***

The plot of The Nether is important, because it’s where a lot of the play’s ethical questions take shape; indeed, the script initially reads much more like a film than a piece of theatre. A film where everyone talks a surprising amount, but a film nonetheless. Reading it, rather than watching it, you are plunged into a windowless, featureless grey cell. Across a blank, slightly futuristic table a female detective (Morris) confronts a man. Sims: a name that, presumably on purpose, recalls one of the earliest online “second life” games). Sims is the inventor and proprietor of “The Hideaway”, a “realm” in “the Nether”. Haley’s proposition is “the Nether was called the Internet” in the past (p.27). A “realm” (a brilliant choice of the most irritating word imaginable for “website”, suggesting that internet technology in the future is still mostly in the hands of Tolkien addicts) is where people go, virtually, to do stuff on/in “the Nether”. Most universities and workplaces are now on/in “the Nether”, we learn. How people do stuff is never really discussed, but there’s an implication of full bodily and sensory immersion. Perhaps with special suits and hats or something.

The Hideaway is apparently the best designed “realm” in “the Nether”. It is a labour of love. Unfortunately, that love is a product of Sims’s sexual desire for children. On the surface, therefore, it feels as if this should be “a play about paedophilia”. Haley definitely underlines this point early on. At the end of the third scene (p.11) Sims gives up dialogue and lapses into underlining:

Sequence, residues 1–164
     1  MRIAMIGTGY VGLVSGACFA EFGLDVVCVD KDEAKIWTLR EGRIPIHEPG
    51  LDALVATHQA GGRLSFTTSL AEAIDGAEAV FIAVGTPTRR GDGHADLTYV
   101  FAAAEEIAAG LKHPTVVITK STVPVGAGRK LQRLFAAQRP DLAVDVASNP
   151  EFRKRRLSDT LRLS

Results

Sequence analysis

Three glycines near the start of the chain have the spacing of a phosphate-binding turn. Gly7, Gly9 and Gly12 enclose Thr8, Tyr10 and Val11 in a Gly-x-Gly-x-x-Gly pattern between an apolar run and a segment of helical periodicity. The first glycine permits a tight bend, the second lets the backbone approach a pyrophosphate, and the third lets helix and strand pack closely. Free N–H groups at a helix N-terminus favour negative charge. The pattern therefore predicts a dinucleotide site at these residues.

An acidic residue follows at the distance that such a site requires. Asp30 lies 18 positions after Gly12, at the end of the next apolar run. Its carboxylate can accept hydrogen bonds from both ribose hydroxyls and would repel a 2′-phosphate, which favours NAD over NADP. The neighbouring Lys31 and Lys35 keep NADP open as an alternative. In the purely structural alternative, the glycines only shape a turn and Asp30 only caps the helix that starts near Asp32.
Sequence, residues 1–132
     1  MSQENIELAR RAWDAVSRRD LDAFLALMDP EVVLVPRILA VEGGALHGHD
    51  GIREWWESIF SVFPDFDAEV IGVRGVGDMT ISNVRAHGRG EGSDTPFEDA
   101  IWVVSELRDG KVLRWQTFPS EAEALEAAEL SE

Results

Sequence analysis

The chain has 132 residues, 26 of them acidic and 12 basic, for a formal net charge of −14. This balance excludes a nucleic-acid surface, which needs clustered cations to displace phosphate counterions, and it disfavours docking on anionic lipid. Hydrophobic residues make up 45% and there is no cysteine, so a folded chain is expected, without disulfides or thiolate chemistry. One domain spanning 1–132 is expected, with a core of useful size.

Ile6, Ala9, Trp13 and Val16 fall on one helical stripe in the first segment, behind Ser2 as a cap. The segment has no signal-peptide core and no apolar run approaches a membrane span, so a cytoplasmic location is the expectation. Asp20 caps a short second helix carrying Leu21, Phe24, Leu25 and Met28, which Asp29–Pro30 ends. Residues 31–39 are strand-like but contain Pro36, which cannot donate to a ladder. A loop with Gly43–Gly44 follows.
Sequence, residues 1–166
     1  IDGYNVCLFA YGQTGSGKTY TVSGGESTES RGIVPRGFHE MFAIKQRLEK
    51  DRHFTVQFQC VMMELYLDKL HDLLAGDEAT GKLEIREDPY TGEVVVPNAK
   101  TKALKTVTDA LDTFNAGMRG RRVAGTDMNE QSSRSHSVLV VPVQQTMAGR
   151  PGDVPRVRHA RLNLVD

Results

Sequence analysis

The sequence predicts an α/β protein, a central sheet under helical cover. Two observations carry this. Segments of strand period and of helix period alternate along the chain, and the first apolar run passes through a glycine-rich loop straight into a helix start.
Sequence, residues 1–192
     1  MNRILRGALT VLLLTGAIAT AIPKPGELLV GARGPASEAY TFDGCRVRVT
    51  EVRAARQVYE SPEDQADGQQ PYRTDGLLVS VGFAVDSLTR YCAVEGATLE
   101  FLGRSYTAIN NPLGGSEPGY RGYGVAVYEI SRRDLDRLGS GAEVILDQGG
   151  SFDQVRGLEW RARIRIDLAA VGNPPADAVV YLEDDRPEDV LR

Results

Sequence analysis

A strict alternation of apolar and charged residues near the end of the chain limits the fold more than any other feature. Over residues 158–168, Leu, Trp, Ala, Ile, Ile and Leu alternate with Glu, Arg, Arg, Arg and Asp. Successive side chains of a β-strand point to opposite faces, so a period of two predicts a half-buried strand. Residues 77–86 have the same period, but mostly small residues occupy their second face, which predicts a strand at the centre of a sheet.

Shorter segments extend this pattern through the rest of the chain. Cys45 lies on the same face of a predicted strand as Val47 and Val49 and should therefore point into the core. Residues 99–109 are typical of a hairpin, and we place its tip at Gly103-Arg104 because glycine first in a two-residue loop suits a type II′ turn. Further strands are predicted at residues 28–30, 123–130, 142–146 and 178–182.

“Look, Detective, I am sick. I am sick and have always been sick and there is no cure. No amount of cognitive behavioral therapy or relapse determent or even chemical castration will sway me from my urges toward children. I am sick and no matter how much I loved him or her I would make my own child sick and I see this I see this - not all of us see this - but I have been cursed with both compulsion and insight. I have taken responsibility for my sickness. I am protecting my neighbor’s children and my brother’s children and the children I won’t allow myself to have, and the only way I can do this is because I’ve created a place where I can be my fucking self!”